Investors are the most bullish on Japanese stocks for more than six years, while they are selling euro-area equities amid renewed concern about the region’s debt crisis, a Bank of America Corp. survey showed.
A net 20 percent of global money managers, who together oversee about $578 billion, said they were overweight Japan this month, the highest proportion since 2006 as Prime Minister Shinzo Abe increased stimulus in the world’s third-biggest economy. A net 8 percent said they held less euro-region equities than benchmark indexes for the first time in eight months. Managers’ allocations to U.S. equities jumped to the highest level since June.
“Abenomics signals that Japanese policy makers are joining the fight against deflation,” Michael Hartnett, Bank of America’s chief global strategist in New York, said in a report today. “This reinforces our expectation of a great rotation into equities from fixed income.”
Fund managers cited deflation in European Union economies as the biggest risk to investing, the survey showed. The Euro Stoxx 50 Index has slipped 4.3 percent from its high on March 14 as Cyprus had to impose losses on the largest depositors in its banks as a precondition for a bailout from the EU.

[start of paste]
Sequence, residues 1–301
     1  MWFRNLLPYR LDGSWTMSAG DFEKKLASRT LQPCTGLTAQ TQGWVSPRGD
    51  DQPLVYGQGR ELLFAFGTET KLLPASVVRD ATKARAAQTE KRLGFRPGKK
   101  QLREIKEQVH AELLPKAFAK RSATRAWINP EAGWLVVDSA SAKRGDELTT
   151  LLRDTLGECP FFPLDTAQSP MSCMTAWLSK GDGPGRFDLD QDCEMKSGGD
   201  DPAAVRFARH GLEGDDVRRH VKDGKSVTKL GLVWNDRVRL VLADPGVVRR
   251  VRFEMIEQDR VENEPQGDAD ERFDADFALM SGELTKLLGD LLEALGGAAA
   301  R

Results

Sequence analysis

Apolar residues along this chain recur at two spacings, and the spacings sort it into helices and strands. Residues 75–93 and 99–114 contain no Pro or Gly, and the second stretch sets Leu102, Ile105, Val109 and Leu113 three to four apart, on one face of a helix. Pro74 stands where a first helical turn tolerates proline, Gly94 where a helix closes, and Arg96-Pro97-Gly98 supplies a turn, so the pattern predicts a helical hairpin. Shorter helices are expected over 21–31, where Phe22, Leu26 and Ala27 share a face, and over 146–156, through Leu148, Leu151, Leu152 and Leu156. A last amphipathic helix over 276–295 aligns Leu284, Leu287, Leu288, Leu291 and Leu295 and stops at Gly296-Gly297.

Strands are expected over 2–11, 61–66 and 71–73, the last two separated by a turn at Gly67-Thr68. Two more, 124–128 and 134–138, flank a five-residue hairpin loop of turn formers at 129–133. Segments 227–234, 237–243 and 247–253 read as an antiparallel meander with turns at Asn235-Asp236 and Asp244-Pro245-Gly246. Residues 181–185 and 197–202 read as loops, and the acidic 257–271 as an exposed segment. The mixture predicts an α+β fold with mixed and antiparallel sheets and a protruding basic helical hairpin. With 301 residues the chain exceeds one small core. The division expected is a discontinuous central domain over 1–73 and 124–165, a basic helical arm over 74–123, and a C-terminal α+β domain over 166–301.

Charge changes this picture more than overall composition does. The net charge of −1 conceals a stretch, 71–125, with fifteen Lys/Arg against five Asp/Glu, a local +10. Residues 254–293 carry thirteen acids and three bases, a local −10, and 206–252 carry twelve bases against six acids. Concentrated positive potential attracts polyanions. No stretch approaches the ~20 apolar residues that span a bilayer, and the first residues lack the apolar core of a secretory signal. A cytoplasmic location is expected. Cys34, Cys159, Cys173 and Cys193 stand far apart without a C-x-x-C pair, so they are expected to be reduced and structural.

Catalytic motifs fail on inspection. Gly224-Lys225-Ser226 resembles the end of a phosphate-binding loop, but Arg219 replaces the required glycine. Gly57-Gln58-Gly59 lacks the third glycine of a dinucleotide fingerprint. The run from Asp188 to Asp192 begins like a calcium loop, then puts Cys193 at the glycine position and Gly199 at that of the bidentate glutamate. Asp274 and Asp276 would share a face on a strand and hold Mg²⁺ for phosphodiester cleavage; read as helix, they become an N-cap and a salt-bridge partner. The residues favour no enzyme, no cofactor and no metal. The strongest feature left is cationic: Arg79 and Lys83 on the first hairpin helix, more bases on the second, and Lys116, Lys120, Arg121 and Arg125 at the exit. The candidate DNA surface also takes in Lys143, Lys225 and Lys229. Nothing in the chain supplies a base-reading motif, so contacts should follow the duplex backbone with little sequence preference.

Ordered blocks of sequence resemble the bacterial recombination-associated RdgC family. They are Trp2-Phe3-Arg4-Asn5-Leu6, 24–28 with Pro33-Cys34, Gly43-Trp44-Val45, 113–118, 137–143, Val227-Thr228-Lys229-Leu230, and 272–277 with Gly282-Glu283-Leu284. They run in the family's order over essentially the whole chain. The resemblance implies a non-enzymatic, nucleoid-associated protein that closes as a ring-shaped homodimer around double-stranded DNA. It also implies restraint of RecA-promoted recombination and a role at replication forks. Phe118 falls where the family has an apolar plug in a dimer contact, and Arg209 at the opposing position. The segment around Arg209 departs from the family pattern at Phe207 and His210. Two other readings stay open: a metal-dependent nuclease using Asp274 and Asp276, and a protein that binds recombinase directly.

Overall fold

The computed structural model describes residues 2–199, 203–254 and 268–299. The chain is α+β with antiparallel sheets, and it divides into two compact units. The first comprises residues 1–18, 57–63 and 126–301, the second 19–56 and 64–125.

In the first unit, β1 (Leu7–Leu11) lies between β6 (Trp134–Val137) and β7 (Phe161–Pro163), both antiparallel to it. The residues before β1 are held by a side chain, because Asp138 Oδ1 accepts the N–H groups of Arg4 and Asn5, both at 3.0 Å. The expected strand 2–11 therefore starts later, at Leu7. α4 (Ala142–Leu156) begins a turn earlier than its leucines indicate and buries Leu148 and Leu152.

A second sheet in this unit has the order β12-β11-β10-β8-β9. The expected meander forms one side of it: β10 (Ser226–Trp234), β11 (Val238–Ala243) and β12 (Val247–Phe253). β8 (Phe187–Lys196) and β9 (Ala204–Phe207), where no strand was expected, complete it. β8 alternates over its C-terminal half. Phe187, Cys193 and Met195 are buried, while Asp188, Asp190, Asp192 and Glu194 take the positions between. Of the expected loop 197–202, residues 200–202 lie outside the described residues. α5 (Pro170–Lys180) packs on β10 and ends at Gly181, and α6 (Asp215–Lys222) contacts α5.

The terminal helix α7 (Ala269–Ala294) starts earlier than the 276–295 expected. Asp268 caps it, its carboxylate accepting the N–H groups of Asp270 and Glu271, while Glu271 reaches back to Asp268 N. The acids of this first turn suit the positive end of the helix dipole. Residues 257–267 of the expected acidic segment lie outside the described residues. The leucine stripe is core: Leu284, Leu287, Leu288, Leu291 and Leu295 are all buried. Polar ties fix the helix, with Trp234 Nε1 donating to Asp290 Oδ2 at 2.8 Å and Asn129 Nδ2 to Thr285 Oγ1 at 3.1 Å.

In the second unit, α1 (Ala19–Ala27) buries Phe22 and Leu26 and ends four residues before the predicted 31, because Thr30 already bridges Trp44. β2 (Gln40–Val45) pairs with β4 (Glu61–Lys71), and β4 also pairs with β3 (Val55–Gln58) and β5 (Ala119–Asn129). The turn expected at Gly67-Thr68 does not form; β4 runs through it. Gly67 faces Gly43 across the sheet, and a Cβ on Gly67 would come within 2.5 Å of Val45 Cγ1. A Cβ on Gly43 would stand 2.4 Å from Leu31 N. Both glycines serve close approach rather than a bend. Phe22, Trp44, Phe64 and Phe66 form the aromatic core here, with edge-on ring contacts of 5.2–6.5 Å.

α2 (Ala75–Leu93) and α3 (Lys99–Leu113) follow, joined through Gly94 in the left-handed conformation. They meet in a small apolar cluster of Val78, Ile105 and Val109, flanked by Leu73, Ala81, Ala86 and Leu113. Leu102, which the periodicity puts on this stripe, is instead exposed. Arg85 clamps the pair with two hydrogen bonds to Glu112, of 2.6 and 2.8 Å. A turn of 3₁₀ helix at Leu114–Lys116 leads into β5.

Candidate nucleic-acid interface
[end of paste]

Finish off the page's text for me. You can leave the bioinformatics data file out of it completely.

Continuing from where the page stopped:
Investors cut their total allocations in equities for the first time in eight months, the survey showed. A net 47 percent said they were overweight the asset class in April, compared with a two-year high of 57 percent in March.
Stocks fell around the world this week as a report showed China’s economy grew more slowly than forecast. The MSCI All-Country World Index has dropped 1.8 percent so far this week. The Standard & Poor’s 500 Index slumped 2.3 percent yesterday, its biggest retreat in five months.
“Positioning has slumped a lot more quickly than the measures of risk at a sentiment level,” John Bilton, European investment strategist at Bank of America’s Merrill Lynch unit, said at a press conference in London today. “This does seem like a bearish survey.”
Emerging-market equities fell out of favor with investors, as they cut their holdings to an 18-month low. About 13 percent of money managers were overweight in the shares.
Bank of America conducted the survey of 200 professional investors between April 5 and 11.